ELECTION MEDDLING: The Russian “news” service Sputnik (a wholly owned subsidiary of Putin Inc.) reported this week that Moscow’s “Ambassador at Large,” Vladimir Churov, says he is shocked, shocked at the intervention in the U.S. election by intelligence services – no – not those intelligence agencies. He meant the CIA and FBI. Churov says “the US intelligence agencies’ warnings of outside interference in vote rigging or altering vote numbers at precincts” could be a cover for their own plans “to withhold data, including the number of voters, early voters and the election returns.” This sounds like the first installment of a “I know you are but what am I?” reaction in the aftermath of the upcoming election.
MALWEIRD: We learned from Yahoo Sports (of all places) about some absurd malware floating around which, if surreptitiously installed on your computer, causes all your normal processes to shut down and a warning message to flash on your screen saying that you must send “50$” within 24 hours to the CIA/FBI or the “registred (sic) name on your house adress (sic) election vote will not be valid.” Unless the CIA and FBI have been taken over by those Nigerian princes who keep sending us email – we suspect this threat is not valid.
VIRAL IN VENEZUELA: The sick man of Latin America, Venezuela, has come up with an explanation for why there have been a number of cases of diphtheria diagnosed in their country. It is not because their health care system – and everything else – seems to be collapsing. Prominent government supporters last week blamed the outbreak on Venezuela being the target of “germ warfare orchestrated by the CIA labs.”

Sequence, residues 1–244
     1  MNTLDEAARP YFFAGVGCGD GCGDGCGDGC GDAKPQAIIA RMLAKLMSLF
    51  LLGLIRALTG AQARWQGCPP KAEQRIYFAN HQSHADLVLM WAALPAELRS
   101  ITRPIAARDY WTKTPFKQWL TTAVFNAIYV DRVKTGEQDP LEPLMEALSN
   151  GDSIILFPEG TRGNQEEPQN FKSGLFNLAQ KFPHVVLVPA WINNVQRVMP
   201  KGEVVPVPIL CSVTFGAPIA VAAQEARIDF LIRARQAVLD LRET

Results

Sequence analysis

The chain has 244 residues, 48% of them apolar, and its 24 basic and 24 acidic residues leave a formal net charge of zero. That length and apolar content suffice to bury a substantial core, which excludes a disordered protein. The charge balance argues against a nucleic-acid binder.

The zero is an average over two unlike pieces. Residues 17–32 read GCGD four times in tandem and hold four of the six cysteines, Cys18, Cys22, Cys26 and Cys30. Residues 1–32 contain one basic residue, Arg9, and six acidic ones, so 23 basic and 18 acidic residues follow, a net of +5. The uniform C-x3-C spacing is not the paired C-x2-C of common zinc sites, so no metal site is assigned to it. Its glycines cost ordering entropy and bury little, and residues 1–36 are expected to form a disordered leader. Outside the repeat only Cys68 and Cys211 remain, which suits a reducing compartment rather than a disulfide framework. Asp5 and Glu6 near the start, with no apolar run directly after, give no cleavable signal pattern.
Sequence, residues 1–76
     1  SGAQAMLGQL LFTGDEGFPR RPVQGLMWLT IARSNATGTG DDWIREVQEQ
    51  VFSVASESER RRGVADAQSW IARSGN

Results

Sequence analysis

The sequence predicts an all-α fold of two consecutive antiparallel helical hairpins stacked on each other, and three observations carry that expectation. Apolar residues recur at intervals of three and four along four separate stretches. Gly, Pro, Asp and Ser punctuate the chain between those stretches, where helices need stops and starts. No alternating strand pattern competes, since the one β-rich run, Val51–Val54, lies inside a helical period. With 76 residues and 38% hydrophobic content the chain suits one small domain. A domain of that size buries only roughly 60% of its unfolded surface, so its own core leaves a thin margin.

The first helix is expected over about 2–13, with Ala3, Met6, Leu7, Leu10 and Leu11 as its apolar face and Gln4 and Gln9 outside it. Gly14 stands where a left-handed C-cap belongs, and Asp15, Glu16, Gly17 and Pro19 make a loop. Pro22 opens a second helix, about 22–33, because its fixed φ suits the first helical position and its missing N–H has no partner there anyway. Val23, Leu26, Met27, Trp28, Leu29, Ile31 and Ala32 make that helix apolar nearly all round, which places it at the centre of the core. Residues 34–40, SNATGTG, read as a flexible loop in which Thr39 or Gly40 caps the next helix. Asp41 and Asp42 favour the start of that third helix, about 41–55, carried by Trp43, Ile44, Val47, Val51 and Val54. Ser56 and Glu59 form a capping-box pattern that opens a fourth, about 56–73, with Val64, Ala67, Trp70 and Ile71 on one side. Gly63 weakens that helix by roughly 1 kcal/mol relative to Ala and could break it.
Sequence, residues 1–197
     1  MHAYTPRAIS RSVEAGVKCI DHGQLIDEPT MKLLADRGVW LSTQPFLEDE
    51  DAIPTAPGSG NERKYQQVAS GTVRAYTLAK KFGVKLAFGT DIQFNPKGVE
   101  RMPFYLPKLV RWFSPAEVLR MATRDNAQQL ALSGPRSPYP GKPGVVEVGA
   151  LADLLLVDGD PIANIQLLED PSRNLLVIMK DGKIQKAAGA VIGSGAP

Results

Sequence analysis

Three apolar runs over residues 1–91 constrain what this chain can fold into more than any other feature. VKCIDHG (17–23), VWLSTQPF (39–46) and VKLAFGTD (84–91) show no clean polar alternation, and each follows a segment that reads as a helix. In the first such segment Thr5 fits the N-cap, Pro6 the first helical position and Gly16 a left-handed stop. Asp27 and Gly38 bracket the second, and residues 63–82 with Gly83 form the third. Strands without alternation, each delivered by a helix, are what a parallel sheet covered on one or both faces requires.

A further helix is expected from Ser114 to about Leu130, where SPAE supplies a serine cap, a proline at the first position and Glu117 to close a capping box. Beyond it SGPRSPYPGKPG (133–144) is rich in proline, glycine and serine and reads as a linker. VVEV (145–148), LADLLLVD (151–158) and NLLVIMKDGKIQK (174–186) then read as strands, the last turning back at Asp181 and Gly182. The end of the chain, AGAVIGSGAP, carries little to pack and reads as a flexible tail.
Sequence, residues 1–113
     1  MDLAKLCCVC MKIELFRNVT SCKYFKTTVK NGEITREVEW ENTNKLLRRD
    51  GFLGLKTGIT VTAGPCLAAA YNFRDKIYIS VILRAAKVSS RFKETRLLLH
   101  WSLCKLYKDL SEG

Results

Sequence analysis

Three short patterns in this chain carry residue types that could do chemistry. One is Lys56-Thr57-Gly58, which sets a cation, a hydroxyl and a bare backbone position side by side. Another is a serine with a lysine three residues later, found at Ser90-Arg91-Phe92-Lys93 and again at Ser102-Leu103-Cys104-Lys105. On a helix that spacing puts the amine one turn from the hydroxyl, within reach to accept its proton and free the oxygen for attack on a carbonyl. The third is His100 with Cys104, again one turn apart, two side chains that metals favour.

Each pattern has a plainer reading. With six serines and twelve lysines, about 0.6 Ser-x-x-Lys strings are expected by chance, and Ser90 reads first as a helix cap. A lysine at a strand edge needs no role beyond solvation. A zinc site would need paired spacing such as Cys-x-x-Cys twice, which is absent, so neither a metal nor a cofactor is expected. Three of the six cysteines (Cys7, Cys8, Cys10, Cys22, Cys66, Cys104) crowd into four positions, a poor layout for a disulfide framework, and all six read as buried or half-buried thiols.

CREST FALLEN: Secrecy News reports that the CIA has finally agreed to enter the 21st century – when it comes to making declassified information readily accessible to the public. The Agency has long placed documents that it declassifies on a database known as CREST (CIA Records Search Tool). But to access CREST, you must physically get yourself to the National Archives in College Park, MD, queue up to use one of a handful of terminals, and do your research. Critics have long maintained that the cumbersome arrangement was designed to make accessing the information as difficult as possible – while complying with public access law. But the CIA has apparently finally agreed to put the CREST contents on its public website, where the information will be full-text searchable. No word on when that transfer will happen.
LIVING HISTORY: Treat yourself and read the article at ShadowSpear.com about OSS and CIA veteran Ambassador Hugh Montgomery. (Shadow Spear says it is a website “dedicated to Special Operations Forces (SOF) of the past, present, and future.”) The article tells of a visit the 93-year-old Montgomery recently made to the SEAL Heritage Center where he regaled the audience with tales from his time parachuting into Europe on D-Day and other exploits.